I once worked for a pastor who said if you’re going to choose between Bible study and hearing me preach, I encourage you to come to Bible study. The pastor in question proclaimed the gospel with enthusiastic acumen, but as the years went by, only later did I understand fully.
As our senior pastor has often taught, the purpose of the church @ Myrtle Lake is to glorify the Lord God by preaching and teaching Christ and Him crucified. But, how does “Bible study” glorify God?
Well, when Yogi Berra was asked about the chances for the Yankees winning the 1957 pennant, he answered, “If you don’t know where you’re goin’, you’ll probably get there.”
Until we know where God wants us to be, we won’t know where we’re goin’. If we don’t know where He wants us to go, we’ll probably get there. We will not know what He wants nor where He wants us to be—without Bible study.
Bible study is a lamp at our feet. It helps us see the Way because the way is narrow—it is neither broad, nor easy to find, according to my Jesus.
I’d love to see you next Sunday in Bible study, or next Wednesday, or at Band of Brothers on Mondays, or Sunday afternoon in Logos Academy classes, or Sunday evening in Logos Prep classes. As you can tell by all these opportunities, the church @ MyrtleLake loves God’s word, for He is the Word, and the Way, and the Truth, and the Life.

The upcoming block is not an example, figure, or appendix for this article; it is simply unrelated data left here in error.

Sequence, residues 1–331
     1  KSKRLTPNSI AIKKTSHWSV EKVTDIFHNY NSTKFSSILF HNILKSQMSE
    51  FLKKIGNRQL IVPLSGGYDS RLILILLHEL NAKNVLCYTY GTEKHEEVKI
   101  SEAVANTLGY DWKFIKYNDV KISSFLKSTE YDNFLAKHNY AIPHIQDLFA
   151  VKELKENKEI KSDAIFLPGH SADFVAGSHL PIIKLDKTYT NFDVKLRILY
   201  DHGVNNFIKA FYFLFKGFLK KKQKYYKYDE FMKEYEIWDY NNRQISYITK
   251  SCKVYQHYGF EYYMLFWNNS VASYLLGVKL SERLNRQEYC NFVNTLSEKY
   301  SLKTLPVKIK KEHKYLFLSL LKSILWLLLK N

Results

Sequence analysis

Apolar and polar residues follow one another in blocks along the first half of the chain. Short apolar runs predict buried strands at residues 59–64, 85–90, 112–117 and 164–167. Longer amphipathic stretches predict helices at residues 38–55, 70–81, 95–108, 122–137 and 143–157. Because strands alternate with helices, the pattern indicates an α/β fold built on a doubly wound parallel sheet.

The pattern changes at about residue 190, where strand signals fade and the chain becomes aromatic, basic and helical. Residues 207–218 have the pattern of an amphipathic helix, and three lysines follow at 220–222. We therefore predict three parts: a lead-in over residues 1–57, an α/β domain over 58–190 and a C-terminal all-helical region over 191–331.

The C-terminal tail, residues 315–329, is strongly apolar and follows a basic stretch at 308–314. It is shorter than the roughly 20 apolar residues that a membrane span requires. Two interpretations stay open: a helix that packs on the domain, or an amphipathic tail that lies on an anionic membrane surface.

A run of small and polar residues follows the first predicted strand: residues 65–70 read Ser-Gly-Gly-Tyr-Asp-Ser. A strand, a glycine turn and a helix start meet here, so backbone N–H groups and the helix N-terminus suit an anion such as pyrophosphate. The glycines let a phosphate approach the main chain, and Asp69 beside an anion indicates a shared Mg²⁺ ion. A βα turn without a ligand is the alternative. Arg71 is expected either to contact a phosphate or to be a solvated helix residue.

Bible study: Know where you’re goin!
Porter’s First Law of Human Behavior
“Human beings see, hear, remember, understand, and do what they want to see, hear, remember, understand, and do.” Porter’s First Law of Human Behavior—Simplified: “People believe what is useful to them.”
Porter’s Second Law of Human Behavior
Given Porter’s First Law, “When confronting our beliefs, we must raise an epistemological red flag whenever said belief is useful. When things are useful, all historical, empirical, and experiential data which contraindicate our belief must be brought to bear. Otherwise—we’re not thinkers as God intended, merely narcissistic lumps.”
Remember, why and how we believe (epistemology) what we believe is often more important than what we believe. If our epistemology is weak, then our beliefs are easily weakened, but if our historical, empirical, and experiential evidence is strong? Beliefs become Truth, and not just truth.
God is not very smart, for “very” implies a non-existent continuum. God is smart, period, in the absolute. Therefore, we can better understand God’s revelation in history, the natural world, and in Scripture if we continually ask—Why did God allow that in history? Why did God create the world with such beauty, and trauma? Why did God give us these commands in Scripture? With every answer, we learn how and why… God is smart. “God is smart” thus becomes a potent hermeneutic.